Self-employed workers wishing to save hefty amounts for retirement may wish to consider a Simplified Employee Pension Plan, or SEP IRA.
Designed for sole proprietors and small businesses, the SEP IRA boasts funding limits that are more generous than the traditional or Roth IRA. Plus, they're flexible.
Contribution limits for the SEP IRA max out at 25 percent of compensation, not exceeding $49,000. Earnings grow tax-deferred, meaning the IRS doesn't get paid until assets are withdrawn.
So if you stash the maximum $49,000 and earn 8 percent annually, you'd have nearly $710,000 saved up in 10 years. That kind of earning potential makes the SEP IRA a smart choice, says Certified Financial Planner Dee Lee, author of "Let's Talk Money."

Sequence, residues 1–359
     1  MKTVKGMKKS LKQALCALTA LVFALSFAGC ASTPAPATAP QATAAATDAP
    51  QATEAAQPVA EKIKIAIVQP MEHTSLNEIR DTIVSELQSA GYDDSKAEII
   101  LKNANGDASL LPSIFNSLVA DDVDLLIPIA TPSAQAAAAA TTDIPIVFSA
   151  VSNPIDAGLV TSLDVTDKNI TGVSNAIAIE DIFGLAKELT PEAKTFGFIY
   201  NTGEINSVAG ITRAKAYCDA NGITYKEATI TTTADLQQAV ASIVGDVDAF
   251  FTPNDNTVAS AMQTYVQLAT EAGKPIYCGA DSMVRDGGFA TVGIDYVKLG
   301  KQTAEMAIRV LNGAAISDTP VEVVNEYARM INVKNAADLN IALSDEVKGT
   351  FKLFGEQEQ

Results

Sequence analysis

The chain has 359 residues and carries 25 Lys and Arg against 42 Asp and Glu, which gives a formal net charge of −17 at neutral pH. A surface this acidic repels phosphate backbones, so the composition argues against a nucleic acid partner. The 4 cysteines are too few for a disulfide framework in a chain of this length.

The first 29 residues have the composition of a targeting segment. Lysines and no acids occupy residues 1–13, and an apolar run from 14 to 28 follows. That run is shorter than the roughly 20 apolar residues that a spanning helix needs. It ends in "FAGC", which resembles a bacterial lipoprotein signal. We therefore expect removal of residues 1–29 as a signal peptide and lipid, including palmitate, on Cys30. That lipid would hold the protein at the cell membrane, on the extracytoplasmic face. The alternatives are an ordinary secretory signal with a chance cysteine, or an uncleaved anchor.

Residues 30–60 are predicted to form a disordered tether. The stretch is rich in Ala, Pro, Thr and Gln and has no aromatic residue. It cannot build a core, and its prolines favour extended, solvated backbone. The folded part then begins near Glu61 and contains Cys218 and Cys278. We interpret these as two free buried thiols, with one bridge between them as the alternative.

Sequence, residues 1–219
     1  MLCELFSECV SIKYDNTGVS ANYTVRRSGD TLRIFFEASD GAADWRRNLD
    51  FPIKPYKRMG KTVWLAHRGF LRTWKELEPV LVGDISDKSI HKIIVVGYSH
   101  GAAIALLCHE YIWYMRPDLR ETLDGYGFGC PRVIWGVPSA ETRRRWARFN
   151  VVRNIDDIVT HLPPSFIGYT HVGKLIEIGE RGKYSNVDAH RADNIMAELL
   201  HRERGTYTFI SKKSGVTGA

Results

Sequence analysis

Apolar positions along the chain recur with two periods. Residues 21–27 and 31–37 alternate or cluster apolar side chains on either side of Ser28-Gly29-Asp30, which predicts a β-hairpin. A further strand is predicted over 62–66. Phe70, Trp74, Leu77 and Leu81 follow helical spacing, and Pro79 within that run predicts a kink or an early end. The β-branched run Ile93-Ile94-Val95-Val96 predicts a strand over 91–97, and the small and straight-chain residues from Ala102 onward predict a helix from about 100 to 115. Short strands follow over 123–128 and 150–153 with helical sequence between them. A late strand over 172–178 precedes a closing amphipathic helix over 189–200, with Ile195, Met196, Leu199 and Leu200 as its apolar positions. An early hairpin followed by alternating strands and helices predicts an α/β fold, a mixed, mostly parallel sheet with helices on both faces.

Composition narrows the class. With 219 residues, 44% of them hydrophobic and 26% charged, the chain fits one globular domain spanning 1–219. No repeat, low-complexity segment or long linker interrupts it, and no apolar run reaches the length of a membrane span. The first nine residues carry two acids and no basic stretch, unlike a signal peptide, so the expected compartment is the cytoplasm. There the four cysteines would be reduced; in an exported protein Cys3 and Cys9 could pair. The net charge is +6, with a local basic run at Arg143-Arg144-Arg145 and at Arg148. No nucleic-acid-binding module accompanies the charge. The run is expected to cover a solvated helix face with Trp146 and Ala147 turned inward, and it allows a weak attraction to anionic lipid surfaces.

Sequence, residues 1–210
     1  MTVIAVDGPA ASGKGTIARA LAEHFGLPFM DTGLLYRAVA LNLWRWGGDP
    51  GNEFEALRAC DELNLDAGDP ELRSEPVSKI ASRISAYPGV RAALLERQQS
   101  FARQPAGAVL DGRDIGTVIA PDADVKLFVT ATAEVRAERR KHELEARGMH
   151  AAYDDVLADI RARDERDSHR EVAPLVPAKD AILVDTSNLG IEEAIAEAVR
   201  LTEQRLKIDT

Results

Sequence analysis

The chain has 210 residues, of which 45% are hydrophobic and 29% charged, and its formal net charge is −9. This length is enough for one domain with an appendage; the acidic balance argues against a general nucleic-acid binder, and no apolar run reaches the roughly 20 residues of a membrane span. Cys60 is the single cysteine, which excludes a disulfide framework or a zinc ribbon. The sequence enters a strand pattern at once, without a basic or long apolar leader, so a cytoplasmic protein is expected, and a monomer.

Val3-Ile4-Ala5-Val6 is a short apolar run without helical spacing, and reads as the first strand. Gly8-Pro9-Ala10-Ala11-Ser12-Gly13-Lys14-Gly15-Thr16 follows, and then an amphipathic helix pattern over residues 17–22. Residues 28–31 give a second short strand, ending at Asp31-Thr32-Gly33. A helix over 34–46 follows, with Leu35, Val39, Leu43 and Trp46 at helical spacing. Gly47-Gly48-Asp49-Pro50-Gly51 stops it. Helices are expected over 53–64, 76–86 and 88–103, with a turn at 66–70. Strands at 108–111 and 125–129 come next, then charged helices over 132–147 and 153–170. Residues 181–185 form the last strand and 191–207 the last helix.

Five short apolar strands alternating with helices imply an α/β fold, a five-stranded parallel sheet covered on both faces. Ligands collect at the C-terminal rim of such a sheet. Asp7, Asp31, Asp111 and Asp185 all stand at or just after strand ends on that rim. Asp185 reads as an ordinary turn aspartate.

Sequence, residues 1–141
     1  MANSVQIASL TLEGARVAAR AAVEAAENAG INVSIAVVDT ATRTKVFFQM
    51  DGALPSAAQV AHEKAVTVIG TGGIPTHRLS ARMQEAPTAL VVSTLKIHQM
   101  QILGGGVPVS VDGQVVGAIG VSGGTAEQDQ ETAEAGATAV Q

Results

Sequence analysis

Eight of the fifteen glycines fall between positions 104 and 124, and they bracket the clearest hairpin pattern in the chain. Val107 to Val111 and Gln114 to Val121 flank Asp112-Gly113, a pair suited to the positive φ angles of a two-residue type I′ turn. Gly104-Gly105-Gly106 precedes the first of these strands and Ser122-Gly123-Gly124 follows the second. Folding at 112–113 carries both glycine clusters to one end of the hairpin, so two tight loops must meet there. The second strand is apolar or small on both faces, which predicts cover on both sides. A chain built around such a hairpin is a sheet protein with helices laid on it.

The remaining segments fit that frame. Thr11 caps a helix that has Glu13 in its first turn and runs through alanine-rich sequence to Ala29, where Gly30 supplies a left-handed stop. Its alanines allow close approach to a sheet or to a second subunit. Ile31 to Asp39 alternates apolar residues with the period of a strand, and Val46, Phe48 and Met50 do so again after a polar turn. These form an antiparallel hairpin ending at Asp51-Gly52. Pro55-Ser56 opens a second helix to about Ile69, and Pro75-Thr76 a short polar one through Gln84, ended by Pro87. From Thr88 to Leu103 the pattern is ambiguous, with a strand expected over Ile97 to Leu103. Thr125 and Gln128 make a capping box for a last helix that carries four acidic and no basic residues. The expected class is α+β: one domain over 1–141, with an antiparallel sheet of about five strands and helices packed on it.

Even Lee stashes her own retirement savings in a SEP IRA.
SEP IRAs at a glance
- Perfect for self-employed individuals.
- Funding up to 25 percent of compensation or $49,000.
- Earnings grow tax-deferred until withdrawn.
- Withdrawals before age 59½ are generally subject to tax penalty. Distributions must begin by age 70½.
"What I like best is there is no IRS annual reporting required for the SEP IRA like there is with a 401(k)," she says.
If you contribute to a SEP for yourself and you have employees, then you must include them in the plan. However, contributions are deductible as a business expense, and there are no requirements to make substantial contributions. Employees are fully vested from day one.
Meanwhile, employees at businesses that offer a SEP cannot save their own earnings in the accounts. Instead, they can fund a traditional or deductible IRA outside of work.